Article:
Of course, in one of the defining, mysterious paradoxes of his life, Bill Clinton was both practitioner and victim of this politics, at once helping to polarize while claiming to heal, and howling when he was harpooned by what he memorably called "the politics of personal destruction.
Bill Clinton's life story is compelling, dramatic and emblematic. And, in fairness, Hamilton writes insightfully about many topics, especially Billy Blythe Junior's tumultuous upbringing -- raising intriguing questions about young Billy's decision to take his stepfather Roger Clinton's last name only after he, his mother and his brother fled from the abuse. Hamilton defines the pre-presidential years by three great moral failings: Clinton's deceptive dodge of the Vietnam draft, his refusal to acknowledge his leadership failures during his first gubernatorial term, his reckless decision, while governor, to continue partying with his brother, Roger, who was awaiting sentencing for drug dealing.
Moreover, Hamilton places this story into historical context, and offers some interesting riffs about the culture wars that shaped Bill Clinton's America from the 1960s through the 1990s. Hamilton writes poignantly about Vietnam's debilitating moral impact on Clinton's generation and about the psychological demons and historical forces that would propel Bill Clinton toward his sex-mired, scandal-scarred presidency.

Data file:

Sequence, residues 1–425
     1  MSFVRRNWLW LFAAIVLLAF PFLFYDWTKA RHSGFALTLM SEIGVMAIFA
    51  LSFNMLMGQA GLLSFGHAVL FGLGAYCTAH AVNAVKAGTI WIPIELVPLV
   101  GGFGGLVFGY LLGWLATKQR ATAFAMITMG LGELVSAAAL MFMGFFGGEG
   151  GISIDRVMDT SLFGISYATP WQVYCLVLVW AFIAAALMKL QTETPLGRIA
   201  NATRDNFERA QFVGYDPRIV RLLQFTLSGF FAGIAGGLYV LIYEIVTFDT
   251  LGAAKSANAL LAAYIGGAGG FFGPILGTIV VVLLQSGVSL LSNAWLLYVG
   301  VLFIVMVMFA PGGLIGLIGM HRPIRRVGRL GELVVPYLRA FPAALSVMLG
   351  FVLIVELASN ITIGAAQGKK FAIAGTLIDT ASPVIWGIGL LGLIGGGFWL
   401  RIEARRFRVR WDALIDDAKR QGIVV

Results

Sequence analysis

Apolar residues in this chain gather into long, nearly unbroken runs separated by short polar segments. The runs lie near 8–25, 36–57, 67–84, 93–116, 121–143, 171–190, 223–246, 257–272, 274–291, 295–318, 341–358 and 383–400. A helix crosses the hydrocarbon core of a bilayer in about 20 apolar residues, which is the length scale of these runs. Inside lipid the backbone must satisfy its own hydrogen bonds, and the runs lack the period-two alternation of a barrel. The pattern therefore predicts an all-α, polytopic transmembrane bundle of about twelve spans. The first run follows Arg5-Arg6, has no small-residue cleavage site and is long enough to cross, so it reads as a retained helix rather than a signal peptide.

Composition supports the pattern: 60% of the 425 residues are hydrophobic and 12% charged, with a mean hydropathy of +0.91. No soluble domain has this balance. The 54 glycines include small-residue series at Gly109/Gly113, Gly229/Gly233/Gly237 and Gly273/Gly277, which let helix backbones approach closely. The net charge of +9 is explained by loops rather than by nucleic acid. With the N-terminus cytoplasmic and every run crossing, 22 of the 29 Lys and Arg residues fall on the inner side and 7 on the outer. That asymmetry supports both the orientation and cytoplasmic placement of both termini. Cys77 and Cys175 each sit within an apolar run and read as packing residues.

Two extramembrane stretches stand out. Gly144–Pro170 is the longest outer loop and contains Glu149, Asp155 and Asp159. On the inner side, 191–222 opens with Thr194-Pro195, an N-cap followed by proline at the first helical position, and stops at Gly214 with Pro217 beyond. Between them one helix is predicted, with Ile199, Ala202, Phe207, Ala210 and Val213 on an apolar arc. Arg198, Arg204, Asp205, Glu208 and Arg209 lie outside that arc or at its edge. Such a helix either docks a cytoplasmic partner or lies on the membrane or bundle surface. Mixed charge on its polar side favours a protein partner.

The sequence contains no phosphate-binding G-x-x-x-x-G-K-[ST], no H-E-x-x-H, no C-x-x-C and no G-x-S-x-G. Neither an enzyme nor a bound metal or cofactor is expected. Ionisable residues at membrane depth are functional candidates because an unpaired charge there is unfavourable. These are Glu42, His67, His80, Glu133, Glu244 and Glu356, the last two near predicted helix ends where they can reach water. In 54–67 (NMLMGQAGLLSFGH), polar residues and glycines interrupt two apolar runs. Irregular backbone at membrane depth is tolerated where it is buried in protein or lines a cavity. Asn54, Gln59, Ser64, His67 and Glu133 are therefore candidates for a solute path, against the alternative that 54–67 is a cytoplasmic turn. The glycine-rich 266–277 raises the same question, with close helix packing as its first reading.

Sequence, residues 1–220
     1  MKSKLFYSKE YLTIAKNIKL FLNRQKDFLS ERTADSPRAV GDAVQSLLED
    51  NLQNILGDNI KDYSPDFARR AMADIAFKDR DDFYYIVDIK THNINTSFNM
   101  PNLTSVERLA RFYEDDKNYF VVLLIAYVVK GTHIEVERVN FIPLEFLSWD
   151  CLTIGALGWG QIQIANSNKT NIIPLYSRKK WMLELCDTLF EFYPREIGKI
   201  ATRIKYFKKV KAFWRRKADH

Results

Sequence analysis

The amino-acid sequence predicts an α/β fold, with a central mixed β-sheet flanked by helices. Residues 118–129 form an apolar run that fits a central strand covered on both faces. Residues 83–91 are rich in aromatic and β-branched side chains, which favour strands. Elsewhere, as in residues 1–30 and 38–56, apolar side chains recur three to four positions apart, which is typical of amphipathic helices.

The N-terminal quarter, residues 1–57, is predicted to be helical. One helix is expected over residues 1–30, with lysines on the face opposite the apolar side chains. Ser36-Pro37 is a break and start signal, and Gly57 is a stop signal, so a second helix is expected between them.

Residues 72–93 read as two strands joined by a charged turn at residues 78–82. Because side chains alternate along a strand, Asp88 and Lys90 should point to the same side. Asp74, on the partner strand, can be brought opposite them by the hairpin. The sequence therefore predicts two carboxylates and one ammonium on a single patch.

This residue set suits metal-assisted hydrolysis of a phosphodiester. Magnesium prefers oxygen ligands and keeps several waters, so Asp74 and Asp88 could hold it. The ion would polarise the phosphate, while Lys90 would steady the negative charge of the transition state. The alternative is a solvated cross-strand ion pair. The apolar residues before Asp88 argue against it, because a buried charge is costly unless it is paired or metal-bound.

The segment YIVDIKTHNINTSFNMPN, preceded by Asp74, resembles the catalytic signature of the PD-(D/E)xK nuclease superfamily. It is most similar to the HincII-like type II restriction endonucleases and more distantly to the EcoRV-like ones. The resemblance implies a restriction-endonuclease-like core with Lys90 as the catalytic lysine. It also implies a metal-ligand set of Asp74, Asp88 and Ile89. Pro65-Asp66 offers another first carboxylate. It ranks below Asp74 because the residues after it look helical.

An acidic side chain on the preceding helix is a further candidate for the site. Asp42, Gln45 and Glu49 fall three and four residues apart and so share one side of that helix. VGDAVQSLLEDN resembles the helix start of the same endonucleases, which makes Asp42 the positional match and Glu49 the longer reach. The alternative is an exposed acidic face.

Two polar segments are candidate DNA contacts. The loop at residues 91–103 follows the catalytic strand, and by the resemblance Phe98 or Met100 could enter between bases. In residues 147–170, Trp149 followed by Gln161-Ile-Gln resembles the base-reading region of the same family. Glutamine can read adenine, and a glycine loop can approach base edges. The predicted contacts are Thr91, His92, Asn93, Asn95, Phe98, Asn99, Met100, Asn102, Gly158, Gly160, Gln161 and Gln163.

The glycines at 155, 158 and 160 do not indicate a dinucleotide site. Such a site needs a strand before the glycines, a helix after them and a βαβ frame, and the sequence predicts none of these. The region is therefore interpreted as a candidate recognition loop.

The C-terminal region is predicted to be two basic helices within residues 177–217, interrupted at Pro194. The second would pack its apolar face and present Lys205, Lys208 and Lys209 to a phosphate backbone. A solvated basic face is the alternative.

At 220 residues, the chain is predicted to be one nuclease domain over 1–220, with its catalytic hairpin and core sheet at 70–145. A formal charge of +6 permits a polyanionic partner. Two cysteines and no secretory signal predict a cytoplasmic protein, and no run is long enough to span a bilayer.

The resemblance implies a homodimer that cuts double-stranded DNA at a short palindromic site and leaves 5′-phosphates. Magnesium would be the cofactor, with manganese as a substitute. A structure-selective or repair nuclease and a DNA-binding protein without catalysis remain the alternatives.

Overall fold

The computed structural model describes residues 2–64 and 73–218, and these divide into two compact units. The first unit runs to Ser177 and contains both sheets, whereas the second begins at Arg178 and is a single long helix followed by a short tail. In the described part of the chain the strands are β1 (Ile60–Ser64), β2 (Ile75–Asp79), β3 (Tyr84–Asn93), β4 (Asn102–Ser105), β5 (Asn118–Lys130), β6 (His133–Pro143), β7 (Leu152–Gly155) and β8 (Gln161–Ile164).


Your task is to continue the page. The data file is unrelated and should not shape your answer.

And yet, here, too, an addiction to sensationalism and a lack of discipline sabotage sound historical judgment. Having overly sexualized Bill Clinton, Hamilton erases any sexual impulse in his wife. And in an act of historical hindsight that should be taught in graduate schools as an example of what not to do, Hamilton criticizes Hillary Rodham for failing to foresee that investigating Richard Nixon in 1974 "would inevitably result, given the two-party binary culture of America, in Republican revenge one day."
In another classic amateurish mistake, Hamilton overstates the significance of his subject's great moment, the election of 1992. "The nation was aware that it had reached a cultural crossroads, a turning point, a moment of generational change," he writes -- so far so good. This passage showcases Hamilton's sensitivity to America's cultural turmoil and identity conflicts. Yet, typically, he adds: "The Soviet Union had already experienced it; now it was America's turn."
Hamilton and Bill Clinton himself
might be the only two people in the world who would
consider Clinton's election to the presidency as
momentous as the fall of the Soviet Union. And therein
lies the allure of this frustrating, flawed yet somewhat
fascinating book. In their overzealousness, their
sloppiness, and their obsession with sex alternating with
moments of keen insight, the biographer and his subject
meet. One walks away from this book about Bill Clinton,
as so many walked away from Clinton's presidency, amazed
by the great potential but even more sobered by the
stunning, self-indulgent, tragically avoidable mess.
Gil Troy, who teaches history at
McGill University in Montreal, is the author of "Mr.
and Mrs. President: From the Trumans to the